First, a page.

As I’ve taught 5th, 9th, and 12th grade, I came to a troubling observation: as learners progressed through school, their confidence and self-belief decreased.
Curious, I decided to explore this concerning issue.
That’s one of the main reasons I created this site and wrote the Dear Child of Mine Series.
As parents and teachers, we want our children to grow up with a healthy sense of self-worth.
We know, a positive self-image can greatly impact their overall well-being and success in life.
Here are 3 strategies that I have learned from my experience working with developing youth, which can assist in fostering a positive self-worth in your child:
1. Acknowledge Their Efforts to Develop Self-Worth
One of the most important things you can do as a parent is to appreciate your child's efforts.
- learning a new skill,
- completing a task, or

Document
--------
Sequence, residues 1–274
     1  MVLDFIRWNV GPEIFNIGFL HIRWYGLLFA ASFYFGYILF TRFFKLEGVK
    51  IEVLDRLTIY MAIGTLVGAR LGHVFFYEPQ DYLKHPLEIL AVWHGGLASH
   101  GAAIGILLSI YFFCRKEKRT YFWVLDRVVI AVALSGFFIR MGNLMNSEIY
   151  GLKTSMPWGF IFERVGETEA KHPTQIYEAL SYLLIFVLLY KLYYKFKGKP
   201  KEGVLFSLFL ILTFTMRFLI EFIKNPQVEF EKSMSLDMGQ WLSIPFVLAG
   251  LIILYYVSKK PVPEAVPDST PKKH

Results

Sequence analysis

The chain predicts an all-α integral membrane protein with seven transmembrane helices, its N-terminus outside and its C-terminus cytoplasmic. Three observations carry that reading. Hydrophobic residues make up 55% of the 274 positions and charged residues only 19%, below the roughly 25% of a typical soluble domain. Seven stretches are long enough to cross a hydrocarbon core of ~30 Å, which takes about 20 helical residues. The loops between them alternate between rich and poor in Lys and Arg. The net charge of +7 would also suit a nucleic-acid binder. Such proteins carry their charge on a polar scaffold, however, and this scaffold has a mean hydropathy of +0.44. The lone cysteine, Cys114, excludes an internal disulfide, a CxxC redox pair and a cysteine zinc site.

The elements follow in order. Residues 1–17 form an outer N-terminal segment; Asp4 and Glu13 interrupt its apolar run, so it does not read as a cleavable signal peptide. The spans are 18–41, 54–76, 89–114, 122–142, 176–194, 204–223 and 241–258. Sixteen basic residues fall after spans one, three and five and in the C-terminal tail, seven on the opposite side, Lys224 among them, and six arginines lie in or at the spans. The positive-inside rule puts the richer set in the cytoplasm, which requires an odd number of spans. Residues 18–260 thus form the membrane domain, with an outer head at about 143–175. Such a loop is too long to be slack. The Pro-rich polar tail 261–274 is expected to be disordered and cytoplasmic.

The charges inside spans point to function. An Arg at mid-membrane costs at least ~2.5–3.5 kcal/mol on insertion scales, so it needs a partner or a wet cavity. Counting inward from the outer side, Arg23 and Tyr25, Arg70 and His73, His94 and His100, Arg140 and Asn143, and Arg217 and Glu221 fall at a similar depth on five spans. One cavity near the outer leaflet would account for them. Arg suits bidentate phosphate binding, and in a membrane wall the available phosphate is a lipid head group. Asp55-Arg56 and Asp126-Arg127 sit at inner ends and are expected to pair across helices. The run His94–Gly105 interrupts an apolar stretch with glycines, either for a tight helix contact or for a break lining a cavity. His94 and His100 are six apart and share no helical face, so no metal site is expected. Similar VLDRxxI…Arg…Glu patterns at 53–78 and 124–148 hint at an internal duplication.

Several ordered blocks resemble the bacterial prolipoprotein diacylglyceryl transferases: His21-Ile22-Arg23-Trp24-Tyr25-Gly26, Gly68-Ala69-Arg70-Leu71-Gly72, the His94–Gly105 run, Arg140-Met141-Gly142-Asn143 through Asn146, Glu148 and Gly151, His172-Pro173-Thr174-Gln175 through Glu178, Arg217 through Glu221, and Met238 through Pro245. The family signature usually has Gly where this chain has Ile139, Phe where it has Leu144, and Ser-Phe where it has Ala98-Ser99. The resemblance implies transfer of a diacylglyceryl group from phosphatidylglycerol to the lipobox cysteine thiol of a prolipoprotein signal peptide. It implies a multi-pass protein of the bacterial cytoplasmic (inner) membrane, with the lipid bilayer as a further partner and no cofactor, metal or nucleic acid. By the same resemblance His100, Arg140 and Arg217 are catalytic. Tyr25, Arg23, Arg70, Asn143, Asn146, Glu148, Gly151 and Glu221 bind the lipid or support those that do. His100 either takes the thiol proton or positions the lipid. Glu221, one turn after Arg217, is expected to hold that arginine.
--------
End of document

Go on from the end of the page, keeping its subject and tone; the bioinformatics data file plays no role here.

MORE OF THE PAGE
- facing challenges,
acknowledge their hard work and perseverance.
By praising their efforts rather than just the outcome, you teach them that their value lies in the process rather than the end result.
(Mueller & Dweck, 1998)
For example, instead of focusing solely on grades or achievements, praise them for:
- their dedication,
- problem-solving abilities, or
- willingness to try new things.
Praising effort is important because it eventually helps the child become stronger and feel good about themself from within (not just because someone else approves of them.)
External validation, particularly through grades, can be detrimental to students who fail to see the value of getting a grade.